As our knowledge on RNA structure progresses, more sophisticated secondary structure alignment tools are required that allow for comparison of tertiary motifs such as coaxial stacking patterns. Indeed, experimental probing techniques such as RNA SHAPE chemistry, SAXS, NMR, and fluorescence resonance energy transfer (FRET), can often provide sufficient information to determine coaxial helical stacking [47,68,69]. Because the structure and function of RNA are highly interrelated, a tool that addresses coaxial stacking patterns can assist the comparison of structures with high functional relevance.

CHSalign is the first tool that can compute an RNA secondary structure alignment in the presence of coaxial helical stacking. When coaxial stacking configurations are available from experimental data such as FRET, NMR or SAXS data, the user can input such information to aid in the alignment. However, if no knowledge of coaxial stacking configurations is available, CHSalign can infer this information by employing Junction-Explorer [25], which predicts coaxial helical stacking with 81% accuracy.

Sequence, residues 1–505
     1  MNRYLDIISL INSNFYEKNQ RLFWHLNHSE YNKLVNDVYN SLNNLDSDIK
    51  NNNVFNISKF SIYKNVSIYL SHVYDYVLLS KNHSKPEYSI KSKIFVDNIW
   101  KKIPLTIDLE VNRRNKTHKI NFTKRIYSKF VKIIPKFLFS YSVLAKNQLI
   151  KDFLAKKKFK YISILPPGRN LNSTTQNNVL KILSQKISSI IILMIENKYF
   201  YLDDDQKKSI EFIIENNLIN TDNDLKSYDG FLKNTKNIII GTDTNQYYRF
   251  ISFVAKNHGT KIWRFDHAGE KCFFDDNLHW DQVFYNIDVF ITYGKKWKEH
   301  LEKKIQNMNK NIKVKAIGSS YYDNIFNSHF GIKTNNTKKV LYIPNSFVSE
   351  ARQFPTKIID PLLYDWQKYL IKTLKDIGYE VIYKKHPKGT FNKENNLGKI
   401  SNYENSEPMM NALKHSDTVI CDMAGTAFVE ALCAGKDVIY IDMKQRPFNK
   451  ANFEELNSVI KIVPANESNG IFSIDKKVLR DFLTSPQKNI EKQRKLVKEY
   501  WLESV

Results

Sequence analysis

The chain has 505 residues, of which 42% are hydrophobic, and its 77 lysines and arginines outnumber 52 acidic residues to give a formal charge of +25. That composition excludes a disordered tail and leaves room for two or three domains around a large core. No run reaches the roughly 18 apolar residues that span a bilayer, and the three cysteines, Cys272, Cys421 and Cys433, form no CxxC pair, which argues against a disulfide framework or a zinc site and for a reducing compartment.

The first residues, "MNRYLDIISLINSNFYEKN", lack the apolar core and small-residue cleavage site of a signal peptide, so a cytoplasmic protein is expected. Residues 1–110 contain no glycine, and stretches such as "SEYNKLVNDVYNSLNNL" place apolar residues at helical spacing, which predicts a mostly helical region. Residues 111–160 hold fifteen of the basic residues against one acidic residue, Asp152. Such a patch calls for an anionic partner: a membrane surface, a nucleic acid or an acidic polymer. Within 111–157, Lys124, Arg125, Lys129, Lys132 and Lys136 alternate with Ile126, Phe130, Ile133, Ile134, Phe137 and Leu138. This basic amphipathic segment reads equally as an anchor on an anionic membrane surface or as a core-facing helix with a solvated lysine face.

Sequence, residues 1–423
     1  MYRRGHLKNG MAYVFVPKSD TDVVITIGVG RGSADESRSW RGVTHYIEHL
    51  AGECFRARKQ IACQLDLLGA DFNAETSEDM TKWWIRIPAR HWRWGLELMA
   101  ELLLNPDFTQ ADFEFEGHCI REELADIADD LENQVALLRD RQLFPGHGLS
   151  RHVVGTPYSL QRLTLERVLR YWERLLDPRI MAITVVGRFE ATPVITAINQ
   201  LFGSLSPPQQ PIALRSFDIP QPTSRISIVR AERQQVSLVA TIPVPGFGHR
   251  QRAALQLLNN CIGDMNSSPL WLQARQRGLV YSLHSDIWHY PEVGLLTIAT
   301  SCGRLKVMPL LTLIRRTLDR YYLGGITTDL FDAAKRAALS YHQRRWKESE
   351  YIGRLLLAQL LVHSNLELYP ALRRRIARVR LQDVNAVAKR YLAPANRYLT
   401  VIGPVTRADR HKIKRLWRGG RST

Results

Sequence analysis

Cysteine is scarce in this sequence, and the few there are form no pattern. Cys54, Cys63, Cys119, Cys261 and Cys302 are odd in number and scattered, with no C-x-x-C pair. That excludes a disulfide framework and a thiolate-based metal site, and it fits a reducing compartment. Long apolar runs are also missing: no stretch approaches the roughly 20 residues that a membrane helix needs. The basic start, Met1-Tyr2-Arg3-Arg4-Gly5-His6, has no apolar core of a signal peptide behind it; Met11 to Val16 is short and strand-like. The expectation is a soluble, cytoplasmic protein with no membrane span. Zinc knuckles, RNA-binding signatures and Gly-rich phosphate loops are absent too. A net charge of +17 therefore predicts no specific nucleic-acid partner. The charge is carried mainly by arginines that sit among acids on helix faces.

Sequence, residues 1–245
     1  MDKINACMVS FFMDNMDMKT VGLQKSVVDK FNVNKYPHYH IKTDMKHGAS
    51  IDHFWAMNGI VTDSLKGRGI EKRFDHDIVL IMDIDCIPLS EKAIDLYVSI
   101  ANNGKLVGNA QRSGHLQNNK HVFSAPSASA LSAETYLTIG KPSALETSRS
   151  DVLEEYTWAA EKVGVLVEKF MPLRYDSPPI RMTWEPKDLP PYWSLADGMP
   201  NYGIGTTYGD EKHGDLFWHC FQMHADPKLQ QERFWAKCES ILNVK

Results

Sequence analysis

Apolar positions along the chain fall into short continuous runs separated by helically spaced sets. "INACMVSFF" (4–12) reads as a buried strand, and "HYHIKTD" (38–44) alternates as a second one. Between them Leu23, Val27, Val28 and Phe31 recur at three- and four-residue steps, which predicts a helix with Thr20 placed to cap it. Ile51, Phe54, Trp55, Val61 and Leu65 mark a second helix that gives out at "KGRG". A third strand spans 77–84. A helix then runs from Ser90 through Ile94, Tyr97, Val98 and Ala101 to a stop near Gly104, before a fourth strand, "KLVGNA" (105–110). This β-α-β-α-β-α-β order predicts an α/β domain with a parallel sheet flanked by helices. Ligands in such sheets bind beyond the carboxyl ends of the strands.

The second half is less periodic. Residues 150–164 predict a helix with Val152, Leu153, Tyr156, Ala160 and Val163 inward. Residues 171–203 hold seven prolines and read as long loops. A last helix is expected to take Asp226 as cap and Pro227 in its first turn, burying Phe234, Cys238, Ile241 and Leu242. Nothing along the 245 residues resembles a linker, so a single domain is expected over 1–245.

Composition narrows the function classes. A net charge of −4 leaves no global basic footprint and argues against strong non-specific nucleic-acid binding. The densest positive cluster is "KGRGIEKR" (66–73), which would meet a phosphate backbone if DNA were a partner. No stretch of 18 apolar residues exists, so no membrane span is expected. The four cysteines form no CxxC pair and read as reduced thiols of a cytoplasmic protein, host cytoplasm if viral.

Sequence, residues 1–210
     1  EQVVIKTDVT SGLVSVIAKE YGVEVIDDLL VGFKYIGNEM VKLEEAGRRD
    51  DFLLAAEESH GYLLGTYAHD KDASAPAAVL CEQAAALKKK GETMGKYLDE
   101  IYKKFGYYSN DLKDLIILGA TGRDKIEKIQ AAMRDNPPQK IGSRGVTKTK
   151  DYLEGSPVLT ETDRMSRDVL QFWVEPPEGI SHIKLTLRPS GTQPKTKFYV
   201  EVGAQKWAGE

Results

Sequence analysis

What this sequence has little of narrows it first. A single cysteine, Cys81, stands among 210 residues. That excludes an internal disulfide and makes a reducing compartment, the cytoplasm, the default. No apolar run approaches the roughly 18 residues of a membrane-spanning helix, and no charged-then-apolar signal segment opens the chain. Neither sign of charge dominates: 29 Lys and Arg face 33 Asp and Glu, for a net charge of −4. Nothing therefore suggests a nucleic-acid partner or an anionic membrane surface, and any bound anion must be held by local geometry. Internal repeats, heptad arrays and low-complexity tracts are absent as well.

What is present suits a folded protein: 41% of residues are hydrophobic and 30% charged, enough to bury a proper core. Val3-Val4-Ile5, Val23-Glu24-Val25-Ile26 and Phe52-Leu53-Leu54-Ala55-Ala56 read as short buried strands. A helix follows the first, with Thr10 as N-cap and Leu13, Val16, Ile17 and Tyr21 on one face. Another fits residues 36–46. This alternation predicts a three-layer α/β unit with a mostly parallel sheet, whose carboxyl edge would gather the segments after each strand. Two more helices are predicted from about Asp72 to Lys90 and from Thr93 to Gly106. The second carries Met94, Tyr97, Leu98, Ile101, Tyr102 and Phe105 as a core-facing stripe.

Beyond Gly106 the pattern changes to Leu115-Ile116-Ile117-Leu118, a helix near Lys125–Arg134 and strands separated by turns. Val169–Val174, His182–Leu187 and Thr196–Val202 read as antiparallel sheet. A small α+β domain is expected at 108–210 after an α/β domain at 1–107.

Existing RNA secondary structure alignment tools [37,39] do not distinguish between structural elements such as helices, junctions and hairpin loops. However, each element type has its special property and function. In contrast, CHSalign only matches structural elements of the same type. Furthermore, the tool imposes a constraint that a junction of RNA1 can be aligned with a junction of RNA2 only if they have the same number of branches and the same coaxial helical stacking status. We also implemented an extension of CHSalign, which relaxes this constraint. This extension is able to align two junctions with different numbers of branches and simply requires that coaxially stacked helices be aligned with coaxially stacked helices when matching a p-way junction with a q-way junction for p different than q. The source code of both CHSalign and its extension can be downloaded from the web server site.

Supporting Information

S1 File. Results obtained by aligning five pairs of riboswitches from Table 2 using CHSalign_p.

For each pair of riboswitches, the input and output of the CHSalign_p program are displayed. The input includes two riboswitches in bpseq format. CHSalign_p invokes Junction-Explorer to predict coaxial helical stacking (CHS) motifs in the input molecules, and aligns the predicted structures. The output includes the CPU time spent in performing the alignment, the alignment score and alignment details.

https://doi.org/10.1371/journal.pone.0147097.s001

(TXT)

S2 File. Results obtained by aligning two pairs of riboswitches from Table 2 using CHSalign_u.